'I had no intentions of writing until 2007, when I set off on an 11-week tour of the USA. The day before I boarded the plane, Madeleine McCann disappeared and all through the holiday I followed the American news reports which had little or no information about her. I didn’t realise it at the time, but the terrible kidnap would inspire my book, The Child Taker, years later. During that trip, I received news that my house had been burgled and my work van and equipment were stolen. That summer was the year when York and Tewksbury were flooded by a deluge and insurance companies were swamped with claims. They informed me that they couldn’t do anything for weeks and that returning home would be a wasted journey. Rendered unemployed on a beach in Clearwater, Florida, I decided to begin my first book, Soft Target. I have never stopped writing since. I have recently completed my 20th novel, The Journey, something that never would have happened but for that burglary and my experiences in Warrington.

'As far as my favourite series ever, it has to be James Herbert’s, The Rats trilogy. The first book did for me what school books couldn’t. It fascinated me, triggered my imagination and gave me the hunger to want to read more. I waited years for the second book, The Lair, and Domain, the third book to come out and they were amazing. Domain is one of the best books I have ever read. In later years, Lee Child, especially the early books, has kept me hypnotised on my sunbed on holiday as has Michael Connelly and his Harry Bosch Series.'

Author Social Media Links:

Monday, 24 June 2019

Now You See Me by Chris McGeorge

Today is my stop on the tour for the new one from Chris McGeorge, another new author to me. Thanks to Tracy Fenton for inviting me to take part and to the publisher for my review copy, which I received via Netgalley.

The Blurb:

Six people went in. Only one came out...

Introducing Standedge Tunnel: the longest canal tunnel in England.

Last year six students went in, and two and a half hours later, the boat reappeared on the other side with only one of the students, unconscious, and the dog.

The case of the Standedge Six was largely kept from the national media. The police investigation concluded that the only remaining student, Matthew, killed his friends, hid the bodies on the boat and returned later to move them to an undisclosed location.

Matthew is in prison . . . but maintains he is innocent.

Robin Ferringham is grieving for his missing wife, Sam. So when Matthew contacts him for help with his case, promising information on Sam, Robin has no choice but to help. But can he trust Matthew?

And how will he solve the unsolvable case?

Now You See Me was published by Orion on 13th June 2019. You can buy it from Waterstones, Amazon and other good bookshops.

My Review:

Well, this was a first for me - a mystery set in a canal tunnel! Of course, the first thing I did was check Google and Standedge Tunnel does indeed exist. I wander what the tourist folk think about having a mystery set in their tunnel. Perhaps it'll encourage more visitors - I know I want to go!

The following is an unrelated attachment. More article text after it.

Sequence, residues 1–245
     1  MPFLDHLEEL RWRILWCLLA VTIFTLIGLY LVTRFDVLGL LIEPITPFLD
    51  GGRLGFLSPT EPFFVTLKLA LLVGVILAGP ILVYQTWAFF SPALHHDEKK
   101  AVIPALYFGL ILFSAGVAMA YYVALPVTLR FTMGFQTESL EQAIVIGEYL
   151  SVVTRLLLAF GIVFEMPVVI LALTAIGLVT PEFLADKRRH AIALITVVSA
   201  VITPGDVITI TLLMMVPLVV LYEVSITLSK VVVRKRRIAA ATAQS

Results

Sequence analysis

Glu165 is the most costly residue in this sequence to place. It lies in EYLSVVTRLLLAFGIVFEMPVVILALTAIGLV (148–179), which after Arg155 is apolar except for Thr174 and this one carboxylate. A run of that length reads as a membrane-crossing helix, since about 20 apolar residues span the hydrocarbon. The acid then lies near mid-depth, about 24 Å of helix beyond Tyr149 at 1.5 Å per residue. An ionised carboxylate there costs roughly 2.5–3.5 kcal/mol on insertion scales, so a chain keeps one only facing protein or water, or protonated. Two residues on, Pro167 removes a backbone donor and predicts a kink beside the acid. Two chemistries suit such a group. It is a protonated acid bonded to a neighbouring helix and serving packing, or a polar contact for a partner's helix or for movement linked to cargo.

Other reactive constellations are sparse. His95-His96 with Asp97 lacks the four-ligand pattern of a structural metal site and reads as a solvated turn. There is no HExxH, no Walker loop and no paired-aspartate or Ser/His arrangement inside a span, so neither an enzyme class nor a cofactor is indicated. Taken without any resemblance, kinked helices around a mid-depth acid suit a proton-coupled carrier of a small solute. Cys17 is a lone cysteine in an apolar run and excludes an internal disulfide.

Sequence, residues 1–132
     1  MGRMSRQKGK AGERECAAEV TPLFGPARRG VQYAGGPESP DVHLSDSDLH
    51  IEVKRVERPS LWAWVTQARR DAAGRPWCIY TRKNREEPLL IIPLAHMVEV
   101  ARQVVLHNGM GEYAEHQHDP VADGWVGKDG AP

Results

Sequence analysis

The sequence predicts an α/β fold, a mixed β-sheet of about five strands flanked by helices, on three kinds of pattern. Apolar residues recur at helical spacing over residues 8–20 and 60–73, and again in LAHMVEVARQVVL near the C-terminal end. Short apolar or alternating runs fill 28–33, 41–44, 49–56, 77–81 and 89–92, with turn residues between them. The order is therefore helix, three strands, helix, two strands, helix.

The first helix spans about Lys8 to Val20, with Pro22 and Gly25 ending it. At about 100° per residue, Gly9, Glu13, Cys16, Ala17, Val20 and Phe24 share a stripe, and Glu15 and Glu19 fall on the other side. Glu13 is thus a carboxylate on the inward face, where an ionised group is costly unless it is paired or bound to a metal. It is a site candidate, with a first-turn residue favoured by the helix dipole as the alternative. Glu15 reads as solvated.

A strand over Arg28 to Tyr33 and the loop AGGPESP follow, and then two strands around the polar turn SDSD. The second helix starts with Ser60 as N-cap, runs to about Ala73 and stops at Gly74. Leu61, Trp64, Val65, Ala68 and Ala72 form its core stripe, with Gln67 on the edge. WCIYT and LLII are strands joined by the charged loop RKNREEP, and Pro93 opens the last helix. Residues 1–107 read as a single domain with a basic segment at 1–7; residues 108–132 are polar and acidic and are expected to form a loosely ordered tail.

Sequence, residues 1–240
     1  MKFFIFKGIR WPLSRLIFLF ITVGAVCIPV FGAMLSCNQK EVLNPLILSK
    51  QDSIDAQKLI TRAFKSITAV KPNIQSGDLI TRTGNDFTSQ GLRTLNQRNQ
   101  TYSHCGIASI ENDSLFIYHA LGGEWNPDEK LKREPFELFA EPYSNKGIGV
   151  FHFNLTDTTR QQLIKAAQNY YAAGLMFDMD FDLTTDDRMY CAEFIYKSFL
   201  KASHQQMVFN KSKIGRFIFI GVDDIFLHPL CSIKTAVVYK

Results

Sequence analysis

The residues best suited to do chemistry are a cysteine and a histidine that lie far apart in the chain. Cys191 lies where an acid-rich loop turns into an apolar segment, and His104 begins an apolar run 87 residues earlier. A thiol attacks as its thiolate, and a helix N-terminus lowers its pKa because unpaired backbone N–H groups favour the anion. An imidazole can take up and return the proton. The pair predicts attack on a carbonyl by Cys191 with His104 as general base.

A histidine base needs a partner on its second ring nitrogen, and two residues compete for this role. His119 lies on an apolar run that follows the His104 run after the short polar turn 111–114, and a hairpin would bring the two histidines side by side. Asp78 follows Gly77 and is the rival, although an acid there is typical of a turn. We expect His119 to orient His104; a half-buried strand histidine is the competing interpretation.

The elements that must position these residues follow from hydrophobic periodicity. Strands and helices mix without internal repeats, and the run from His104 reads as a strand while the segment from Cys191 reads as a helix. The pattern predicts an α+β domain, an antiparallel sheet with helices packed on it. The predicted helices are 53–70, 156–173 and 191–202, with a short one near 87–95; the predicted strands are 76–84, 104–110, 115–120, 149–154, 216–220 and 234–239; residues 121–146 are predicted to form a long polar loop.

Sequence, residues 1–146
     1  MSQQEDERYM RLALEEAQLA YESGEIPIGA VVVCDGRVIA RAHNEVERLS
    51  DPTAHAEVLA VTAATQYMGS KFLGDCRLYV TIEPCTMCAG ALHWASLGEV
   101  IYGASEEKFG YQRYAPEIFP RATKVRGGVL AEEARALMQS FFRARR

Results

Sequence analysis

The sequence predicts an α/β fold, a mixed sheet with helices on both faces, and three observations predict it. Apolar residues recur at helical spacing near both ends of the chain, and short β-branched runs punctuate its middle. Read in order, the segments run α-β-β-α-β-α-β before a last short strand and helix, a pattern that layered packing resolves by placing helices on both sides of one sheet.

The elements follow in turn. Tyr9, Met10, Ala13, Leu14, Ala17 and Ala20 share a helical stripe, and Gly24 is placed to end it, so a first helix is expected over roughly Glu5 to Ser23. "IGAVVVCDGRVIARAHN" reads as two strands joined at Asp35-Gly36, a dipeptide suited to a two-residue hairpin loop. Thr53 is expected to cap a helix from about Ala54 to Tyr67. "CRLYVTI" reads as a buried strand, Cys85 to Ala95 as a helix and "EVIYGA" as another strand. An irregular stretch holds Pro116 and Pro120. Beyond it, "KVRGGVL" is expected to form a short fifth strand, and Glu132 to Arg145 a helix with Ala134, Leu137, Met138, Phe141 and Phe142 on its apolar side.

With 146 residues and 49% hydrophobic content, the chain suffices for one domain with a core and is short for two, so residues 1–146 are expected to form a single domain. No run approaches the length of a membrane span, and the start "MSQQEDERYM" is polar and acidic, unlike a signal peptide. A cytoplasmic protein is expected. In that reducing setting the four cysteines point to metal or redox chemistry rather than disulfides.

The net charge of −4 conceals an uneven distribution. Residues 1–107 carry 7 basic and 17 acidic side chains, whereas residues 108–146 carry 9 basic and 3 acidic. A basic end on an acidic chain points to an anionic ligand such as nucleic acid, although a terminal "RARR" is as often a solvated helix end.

Author Robin is desperate after the disappearance of his beloved wife Sam three years ago. She just seemed to disappear into thin air, without a trace. When Matthew, a young man in prison for murdering his five best friends, calls him out of the blue claiming to have spoken to Sam, he knows he must investigate further.

The local folk greet him with caution. For them it is clear -  Matthew murdered his friends, who were all successful young people destined for great things. They don't , how he did it, but that doesn't seem to worry them. Only the person behind an underground online news site is willing to help him. And Robin must try to help Matthew to find out about Sam.

Robin is instantly likeable. We don't know why Sam is missing, but I couldn't imagine it was anything to do with Robin. He is clearly devastated, and more than a little lost. He can't help but cling to the hope that Matthew's words bring.  But we see how strong and determined he is. The other character that stood out for me was James Sutherland, Edmund's father. Another heart breaking character. He believes different from the other parents of the 'Standedge Five' and most of the townsfolk in general, and has lost so much as a result.

The story is quite a complicated one, which was great for keeping my attention, although I have to confess to getting a bit lost with some of the engineering stuff! But it's all clearly well researched. And there are certainly some colourful characters here, some not very likeable at all.

It says on Chris' bio below that he likes 'weird and wonderful plots, with plenty of intrigue and twists.' Well, he has certainly achieved that with this! Starting with it's unusual setting and going on from there. I can't say much more for fear of giving something away, but I can say it's definitely weird, wonderful, twisty and intriguing! I didn't see anything coming, although I always knew everything wasn't quite as it seemed. It's also very dark in places, and very emotional in others. I'm very much looking forward to reading more by Chris McGeorge.

The Author:

Chris McGeorge has an MA in Creative Writing (Crime / Thriller) from City University London where he wrote his first crime novel Dead Room for this thesis. He constantly told stories from a young age, whether they took the form of comics, short stories or scripts.